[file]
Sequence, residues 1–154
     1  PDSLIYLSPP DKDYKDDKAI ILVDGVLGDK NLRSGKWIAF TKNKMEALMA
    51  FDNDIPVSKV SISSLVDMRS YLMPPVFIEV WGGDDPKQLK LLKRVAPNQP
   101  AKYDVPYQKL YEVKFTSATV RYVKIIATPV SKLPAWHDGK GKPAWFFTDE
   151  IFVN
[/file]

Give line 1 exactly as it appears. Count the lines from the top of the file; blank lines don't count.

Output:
Sequence, residues 1–154